To make the shortlist and get an interview for that job you want your resume needs to be short and to the point. It must be easy to read and no longer than two pages. Get straight to the point.
A potential employer is not interested in your long-term goals at the application stage so there no need to have a “Career objective” as it is never read credentials.
Keep the lay out simple and use bullet points as long winded paragraphs never get read. Also, ensure there is plenty of white space and avoid flowery or small fonts.
- Chronological order, beginning with the most recent
- Include employer name, date, positions held and primary responsibilities
- It’s recommended not to leave gaps in your CV. If you took a year off, carried out an interim assignment, or travelled for six months, say so.
Education and qualifications
Keep it concise by listing the qualification obtained, year it was completed and the institution you studied through.
It is also important to include details of two references, such as former employers.
Don't forget to spell check your resume.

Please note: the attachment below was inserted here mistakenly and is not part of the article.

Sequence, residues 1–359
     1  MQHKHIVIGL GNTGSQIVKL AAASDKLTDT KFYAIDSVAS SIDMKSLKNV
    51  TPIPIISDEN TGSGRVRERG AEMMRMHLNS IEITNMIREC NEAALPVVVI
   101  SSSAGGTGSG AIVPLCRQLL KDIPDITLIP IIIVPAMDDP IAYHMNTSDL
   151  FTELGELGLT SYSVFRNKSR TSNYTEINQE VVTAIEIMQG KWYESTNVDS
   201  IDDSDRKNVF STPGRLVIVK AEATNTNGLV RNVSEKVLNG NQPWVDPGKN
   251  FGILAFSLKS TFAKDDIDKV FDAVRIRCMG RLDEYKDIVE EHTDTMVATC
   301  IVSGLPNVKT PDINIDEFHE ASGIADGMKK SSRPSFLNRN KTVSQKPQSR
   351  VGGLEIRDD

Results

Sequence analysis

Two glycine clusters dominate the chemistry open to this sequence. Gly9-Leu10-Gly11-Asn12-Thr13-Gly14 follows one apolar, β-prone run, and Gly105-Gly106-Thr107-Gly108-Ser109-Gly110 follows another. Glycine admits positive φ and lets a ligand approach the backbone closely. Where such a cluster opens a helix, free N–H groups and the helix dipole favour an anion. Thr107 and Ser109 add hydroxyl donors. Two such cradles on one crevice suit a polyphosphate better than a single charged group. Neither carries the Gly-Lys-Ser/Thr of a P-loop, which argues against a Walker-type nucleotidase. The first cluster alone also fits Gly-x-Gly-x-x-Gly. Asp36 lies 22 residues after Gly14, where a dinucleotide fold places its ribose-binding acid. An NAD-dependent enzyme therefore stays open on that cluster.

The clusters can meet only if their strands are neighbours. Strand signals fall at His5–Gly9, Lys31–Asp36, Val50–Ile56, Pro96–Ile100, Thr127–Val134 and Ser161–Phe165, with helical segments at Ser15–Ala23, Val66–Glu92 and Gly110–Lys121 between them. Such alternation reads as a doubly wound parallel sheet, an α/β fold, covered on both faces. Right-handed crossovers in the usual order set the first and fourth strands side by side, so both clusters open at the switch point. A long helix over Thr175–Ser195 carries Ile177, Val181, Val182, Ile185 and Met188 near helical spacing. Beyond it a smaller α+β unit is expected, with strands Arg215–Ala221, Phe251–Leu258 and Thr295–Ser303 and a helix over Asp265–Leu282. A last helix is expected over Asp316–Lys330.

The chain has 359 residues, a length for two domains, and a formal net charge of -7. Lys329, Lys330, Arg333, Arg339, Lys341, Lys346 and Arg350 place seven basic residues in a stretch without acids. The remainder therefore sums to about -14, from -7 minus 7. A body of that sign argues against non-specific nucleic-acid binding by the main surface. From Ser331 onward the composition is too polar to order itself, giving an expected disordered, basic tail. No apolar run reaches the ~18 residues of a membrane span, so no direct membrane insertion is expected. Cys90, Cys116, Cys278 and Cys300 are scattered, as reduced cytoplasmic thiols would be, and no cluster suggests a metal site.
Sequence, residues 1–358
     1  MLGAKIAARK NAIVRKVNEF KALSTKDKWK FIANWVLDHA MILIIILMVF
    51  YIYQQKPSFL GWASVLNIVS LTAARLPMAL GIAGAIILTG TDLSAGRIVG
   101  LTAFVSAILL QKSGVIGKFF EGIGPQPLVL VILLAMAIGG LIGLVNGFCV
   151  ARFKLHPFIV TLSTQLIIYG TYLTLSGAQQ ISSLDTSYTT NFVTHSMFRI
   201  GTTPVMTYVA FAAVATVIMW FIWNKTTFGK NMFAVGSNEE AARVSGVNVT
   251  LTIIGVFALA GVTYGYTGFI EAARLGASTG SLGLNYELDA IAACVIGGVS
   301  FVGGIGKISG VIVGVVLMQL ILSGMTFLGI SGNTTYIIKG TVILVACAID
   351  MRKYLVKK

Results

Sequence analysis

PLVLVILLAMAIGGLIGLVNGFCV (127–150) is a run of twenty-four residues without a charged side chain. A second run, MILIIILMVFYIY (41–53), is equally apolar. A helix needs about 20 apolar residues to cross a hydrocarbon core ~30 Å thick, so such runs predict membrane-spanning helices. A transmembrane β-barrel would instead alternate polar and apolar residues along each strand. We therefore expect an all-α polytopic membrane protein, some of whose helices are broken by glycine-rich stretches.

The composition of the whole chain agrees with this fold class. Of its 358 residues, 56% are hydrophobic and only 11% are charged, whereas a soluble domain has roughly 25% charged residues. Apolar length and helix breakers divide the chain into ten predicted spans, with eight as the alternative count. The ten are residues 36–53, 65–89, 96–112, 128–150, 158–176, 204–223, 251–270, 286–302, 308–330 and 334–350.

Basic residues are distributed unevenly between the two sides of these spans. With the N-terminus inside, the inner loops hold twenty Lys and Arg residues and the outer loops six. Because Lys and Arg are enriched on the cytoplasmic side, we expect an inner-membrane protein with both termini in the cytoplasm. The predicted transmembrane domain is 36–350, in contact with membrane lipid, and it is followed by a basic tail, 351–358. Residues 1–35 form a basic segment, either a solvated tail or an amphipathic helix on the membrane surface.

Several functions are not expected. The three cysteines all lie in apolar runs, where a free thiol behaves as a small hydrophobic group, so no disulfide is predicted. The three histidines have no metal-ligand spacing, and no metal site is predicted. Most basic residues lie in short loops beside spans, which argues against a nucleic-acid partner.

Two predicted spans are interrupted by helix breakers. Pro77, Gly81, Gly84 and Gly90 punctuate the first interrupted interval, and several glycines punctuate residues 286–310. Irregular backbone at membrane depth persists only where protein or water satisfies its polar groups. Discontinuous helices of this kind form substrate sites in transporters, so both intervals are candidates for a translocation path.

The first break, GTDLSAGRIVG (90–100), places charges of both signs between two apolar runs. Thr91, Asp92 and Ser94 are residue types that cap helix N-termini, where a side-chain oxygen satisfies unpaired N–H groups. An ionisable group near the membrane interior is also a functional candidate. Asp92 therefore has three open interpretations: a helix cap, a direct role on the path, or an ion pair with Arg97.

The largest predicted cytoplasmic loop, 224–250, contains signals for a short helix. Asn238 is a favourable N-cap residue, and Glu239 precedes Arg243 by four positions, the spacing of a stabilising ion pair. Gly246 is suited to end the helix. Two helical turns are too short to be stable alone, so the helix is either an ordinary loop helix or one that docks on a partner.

Remember, it is the first impression your potential employer will have of you, so take the time to get it right. If possible, ask someone to proof read your resume to check for any spelling, layout or typing errors.
‘Can work independently’
It’s very common to see ‘I work well both independently and in groups’ on a resume. But this is a given in today’s workplace. Rather than writing ‘I work well independently’, eg: ‘I independently designed and implemented a new strategy that increased sales by 25%’.
Instead use an example to prove how you go the extra mile to get work done, such as creating a successful product launch in a short time frame or never missing a deadline in two years in your last role.
‘Work well under pressure’
Rather than write you ‘work well under pressure’, state how you managed your time to meet multiple deadlines while keeping a clear head and remaining organised.
It’s preferable to give details of a presentation you gave that won a client or meetings you chaired that you kept on schedule.
In lieu of ‘I’m an enthusiastic worker’, describe a task you threw yourself into and your successful outcome.
Instead show how you worked in a team to meet a specific goal. For example, ‘Worked with our international and local marketing teams to implement a global rebrand across 12 countries.’